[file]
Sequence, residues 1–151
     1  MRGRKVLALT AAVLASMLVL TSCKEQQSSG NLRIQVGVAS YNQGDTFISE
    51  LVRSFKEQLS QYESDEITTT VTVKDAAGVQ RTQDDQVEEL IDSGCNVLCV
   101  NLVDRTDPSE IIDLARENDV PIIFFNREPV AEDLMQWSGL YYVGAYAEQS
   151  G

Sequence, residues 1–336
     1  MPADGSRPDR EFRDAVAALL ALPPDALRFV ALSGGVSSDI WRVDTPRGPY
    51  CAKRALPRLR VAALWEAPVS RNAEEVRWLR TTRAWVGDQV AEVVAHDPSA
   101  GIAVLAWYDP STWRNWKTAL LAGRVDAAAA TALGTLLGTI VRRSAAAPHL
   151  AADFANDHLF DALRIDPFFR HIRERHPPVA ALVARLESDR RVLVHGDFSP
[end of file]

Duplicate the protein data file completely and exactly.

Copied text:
Sequence, residues 1–151
     1  MRGRKVLALT AAVLASMLVL TSCKEQQSSG NLRIQVGVAS YNQGDTFISE
    51  LVRSFKEQLS QYESDEITTT VTVKDAAGVQ RTQDDQVEEL IDSGCNVLCV
   101  NLVDRTDPSE IIDLARENDV PIIFFNREPV AEDLMQWSGL YYVGAYAEQS
   151  G

Sequence, residues 1–336
     1  MPADGSRPDR EFRDAVAALL ALPPDALRFV ALSGGVSSDI WRVDTPRGPY
    51  CAKRALPRLR VAALWEAPVS RNAEEVRWLR TTRAWVGDQV AEVVAHDPSA
   101  GIAVLAWYDP STWRNWKTAL LAGRVDAAAA TALGTLLGTI VRRSAAAPHL
   151  AADFANDHLF DALRIDPFFR HIRERHPPVA ALVARLESDR RVLVHGDFSP